In August Chris and I finally took a vacation after four years of planning, building, buying and selling wine. We wanted to go to Sicily and Greece, but since we were going to be away for 10 days decided it was best to stay closer to home where we could easily get back to the store if need be. I mean, what if Eileen found a new rosé? So we decided to visit some of our producers in the U.S. Northwest: Portland, OR and Sonoma, CA. Our flight was uneventful. Although we did taxi to the runway, only to return to the gate and have the pilot tell us “Sorry folks, we need a mechanic to check something.” Half an hour later, we were on our way. Now normally after that first announcement I would have been at the door screaming to be let off the plane. (I’m sure Chris was waiting for my freak out any moment.) But with an early morning flight and little sleep, I just gave in to an old friend's belief... Better living through medication. Hello, Xanax!
Flying into Oregon is beautiful. The trees, the mountains and just the right amount of cloud cover made it look magical. Sadly you do see a lot of land affected by drought. If only we could have sent them our snow! Speaking of snow, when most people learned we were from Boston they all commented about our last snow farm finally melting. They then asked if there were any bodies found. My response: “Yes, bodies of water!”
We stayed in Downtown Portland because we wanted to be central to most of the restaurants and attractions. (Tip: Be prepared to see a lot of homelessness if you stay downtown. It was very sad, but we did see a lot of locals and social workers assisting, talking to them, trying to get them to shelters and handing out food. People are good!) One of our wine reps gave us a very cool list of places to check out and of course one of them was the Food Truck scene. Our hotel just so happened to be located a block away from an entire food truck BLOCK! (SW Adler Street between SW 9th Ave and 10th Ave.) Which is bad news if like me you think of food 24/7. So of course we made that our first stop after checking in. There had to be 60-70 food trucks lining the entire square block. How does one choose between Thai, Greek, Chinese, Polish, Italian, Cuban, BBQ, Tacos, Scandinavian? Just to name a few. We went with a basic mac and cheese truck called Mac & Trees, cuz I’m still a little street-food phobic and hadn't had my first cocktail. I ordered something that brought me back to my childhood: “The Retro Re-Do.” Mac n’cheese with hotdogs, topped with potato chips.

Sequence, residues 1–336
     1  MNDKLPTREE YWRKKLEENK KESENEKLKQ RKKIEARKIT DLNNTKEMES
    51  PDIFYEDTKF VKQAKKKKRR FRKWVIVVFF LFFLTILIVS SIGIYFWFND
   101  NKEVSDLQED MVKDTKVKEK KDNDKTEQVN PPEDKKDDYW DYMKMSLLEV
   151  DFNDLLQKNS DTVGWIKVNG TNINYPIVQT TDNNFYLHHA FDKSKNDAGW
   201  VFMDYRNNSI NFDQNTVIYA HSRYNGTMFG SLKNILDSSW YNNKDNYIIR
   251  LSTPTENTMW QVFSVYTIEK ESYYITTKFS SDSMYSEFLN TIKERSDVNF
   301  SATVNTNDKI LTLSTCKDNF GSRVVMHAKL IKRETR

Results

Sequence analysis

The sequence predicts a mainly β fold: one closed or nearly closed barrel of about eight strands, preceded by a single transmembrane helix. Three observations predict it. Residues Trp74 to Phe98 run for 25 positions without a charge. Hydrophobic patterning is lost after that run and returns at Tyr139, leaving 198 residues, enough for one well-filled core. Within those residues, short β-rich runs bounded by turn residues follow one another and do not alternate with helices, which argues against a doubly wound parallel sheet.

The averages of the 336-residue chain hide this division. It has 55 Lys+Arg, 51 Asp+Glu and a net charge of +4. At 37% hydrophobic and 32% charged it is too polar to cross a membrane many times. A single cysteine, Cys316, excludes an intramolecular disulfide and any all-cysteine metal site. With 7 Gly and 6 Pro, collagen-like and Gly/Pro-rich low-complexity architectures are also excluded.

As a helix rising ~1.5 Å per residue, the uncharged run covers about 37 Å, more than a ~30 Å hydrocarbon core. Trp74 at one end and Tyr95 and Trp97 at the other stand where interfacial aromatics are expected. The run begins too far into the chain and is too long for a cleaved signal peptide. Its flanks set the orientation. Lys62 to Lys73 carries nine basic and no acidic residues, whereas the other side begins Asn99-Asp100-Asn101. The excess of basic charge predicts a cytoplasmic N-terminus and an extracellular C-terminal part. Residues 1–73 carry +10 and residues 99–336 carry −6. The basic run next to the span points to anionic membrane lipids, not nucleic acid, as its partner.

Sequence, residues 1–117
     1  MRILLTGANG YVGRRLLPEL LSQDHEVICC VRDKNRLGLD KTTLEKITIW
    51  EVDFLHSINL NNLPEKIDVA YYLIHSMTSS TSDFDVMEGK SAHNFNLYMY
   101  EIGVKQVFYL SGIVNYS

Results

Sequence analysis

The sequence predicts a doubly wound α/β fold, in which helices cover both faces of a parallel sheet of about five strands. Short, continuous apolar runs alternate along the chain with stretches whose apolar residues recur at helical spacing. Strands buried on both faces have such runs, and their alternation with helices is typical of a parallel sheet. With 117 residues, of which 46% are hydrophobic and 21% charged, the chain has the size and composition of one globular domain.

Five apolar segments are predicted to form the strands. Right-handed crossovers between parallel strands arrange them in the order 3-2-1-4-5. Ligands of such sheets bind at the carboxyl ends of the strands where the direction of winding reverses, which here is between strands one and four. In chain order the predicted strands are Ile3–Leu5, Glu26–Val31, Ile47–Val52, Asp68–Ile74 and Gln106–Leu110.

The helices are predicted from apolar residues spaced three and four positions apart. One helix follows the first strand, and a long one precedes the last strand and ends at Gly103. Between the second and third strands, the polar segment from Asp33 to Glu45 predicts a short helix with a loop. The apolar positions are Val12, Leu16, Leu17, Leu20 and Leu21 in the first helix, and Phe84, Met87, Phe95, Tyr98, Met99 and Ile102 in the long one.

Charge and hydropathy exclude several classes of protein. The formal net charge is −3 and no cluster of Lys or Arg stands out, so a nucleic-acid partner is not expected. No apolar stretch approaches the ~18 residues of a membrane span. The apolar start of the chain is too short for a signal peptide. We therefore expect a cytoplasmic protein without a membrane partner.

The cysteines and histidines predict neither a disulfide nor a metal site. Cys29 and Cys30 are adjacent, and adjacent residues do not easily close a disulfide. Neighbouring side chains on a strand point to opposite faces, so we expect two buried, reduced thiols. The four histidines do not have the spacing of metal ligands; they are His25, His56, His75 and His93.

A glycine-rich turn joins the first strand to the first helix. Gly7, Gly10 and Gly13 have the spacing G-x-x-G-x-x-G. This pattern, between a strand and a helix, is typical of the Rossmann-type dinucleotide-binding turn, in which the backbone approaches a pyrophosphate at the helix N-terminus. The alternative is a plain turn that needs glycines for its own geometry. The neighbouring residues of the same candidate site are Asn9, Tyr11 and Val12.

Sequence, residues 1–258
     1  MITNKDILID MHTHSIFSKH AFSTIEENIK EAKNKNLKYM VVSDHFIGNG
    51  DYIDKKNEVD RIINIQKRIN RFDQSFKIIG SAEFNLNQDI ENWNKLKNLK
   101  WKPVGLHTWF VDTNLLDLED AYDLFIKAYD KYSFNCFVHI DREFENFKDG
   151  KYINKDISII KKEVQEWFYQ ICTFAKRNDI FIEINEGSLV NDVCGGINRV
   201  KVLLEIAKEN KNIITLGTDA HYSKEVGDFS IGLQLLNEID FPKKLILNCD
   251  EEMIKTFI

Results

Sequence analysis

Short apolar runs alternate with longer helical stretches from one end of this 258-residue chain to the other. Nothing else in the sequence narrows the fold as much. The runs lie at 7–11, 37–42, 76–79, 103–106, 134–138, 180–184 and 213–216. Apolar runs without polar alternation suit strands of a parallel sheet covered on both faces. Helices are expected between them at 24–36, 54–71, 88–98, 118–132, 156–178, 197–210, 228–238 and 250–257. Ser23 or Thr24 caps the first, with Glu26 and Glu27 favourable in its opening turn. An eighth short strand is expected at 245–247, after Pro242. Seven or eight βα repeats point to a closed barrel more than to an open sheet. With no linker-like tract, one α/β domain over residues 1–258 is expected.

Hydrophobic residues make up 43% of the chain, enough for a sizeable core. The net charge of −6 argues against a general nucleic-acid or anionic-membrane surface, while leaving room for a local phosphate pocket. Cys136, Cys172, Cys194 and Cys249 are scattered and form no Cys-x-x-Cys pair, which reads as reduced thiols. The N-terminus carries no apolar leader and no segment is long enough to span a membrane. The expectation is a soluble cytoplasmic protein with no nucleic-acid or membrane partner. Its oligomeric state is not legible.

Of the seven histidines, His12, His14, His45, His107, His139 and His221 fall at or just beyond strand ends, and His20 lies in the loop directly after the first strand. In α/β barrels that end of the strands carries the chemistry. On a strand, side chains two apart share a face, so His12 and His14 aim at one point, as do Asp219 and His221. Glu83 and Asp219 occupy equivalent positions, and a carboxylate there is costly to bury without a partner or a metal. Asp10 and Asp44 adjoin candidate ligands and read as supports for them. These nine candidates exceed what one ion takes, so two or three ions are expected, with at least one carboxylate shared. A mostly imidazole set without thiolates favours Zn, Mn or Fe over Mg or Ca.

After hearing all the hype about Voodoo Donuts, we thought we’d check them out. And that’s all we did was check them out. The line was down the block and two deep. Really? It’s just donuts, people. After taking in the selection (from outside) and seeing what they’re all about we decided to skip the sugar fix and walk around the city. (I think a good business to open next door to them would be an insulin clinic.)
One of our favorite places we visited was Olympia Provisions, where we munched on the Spanish Board charcuterie and had a familiar bottle of wine: Vino di Anna from Sicily. We enjoyed the Chorizo Andalucia so much we had them ship some to our staff. (Tip: Ask if they ship with dry ice or ice pack.) As we were leaving, a waitress said she was glad that the last bottle of Vino di Anna went to people who really know wine, and that she was going to take it home if no one ordered it by the end of the week. Had we known we would have shared. Yeah right, sharing’s for 1st graders. Just kidding... we would have shared.
The next day was filled with winery visits in the Willamette Valley: Brooks Winery, August Cellars, Evening Land Estates, Owen Roe and Holloran Vineyard Wines.
- At Brooks we walked among their biodynamic Pommard vineyard and vegetable garden, but declined to see the compost pile when we learned that it’s churned with a backhoe.
- August Cellars taught us to be more punctual but we did get to see them rearranging the barrel room, preparing for harvest. I was also reminded how delicious their Riesling is.
- We ignored the signs for the Evening Land tasting room and drove around the vineyards. OK, we were lost. (Tip 3: GPS and cell service can be patchy.) Making our way back to their new tasting room, which is beautiful, we found lots of information about their properties and vines, with 30 year-old vine trunks on display.
- At Owen Roe we were given a behind the scenes tour of their barrel room and tasted a special blend they were working on.
- Our final stop was at Holloran Vineyard Wines, where we bonded with Eve Holloran and their new VP of Sales and Marketing, Aaron Coe, over NYC's John’s Pizza and the fact that it's my family's restaurant. So much for Social Wines, talk was all about John’s for a while. Aaron was very gracious and gave us a barrel sample of his own wine, a Sangiovese that should be bottled the beginning of next year. If we ask nicely we might be able to get a few cases of this wonderful Sangiovese. Fingers crossed!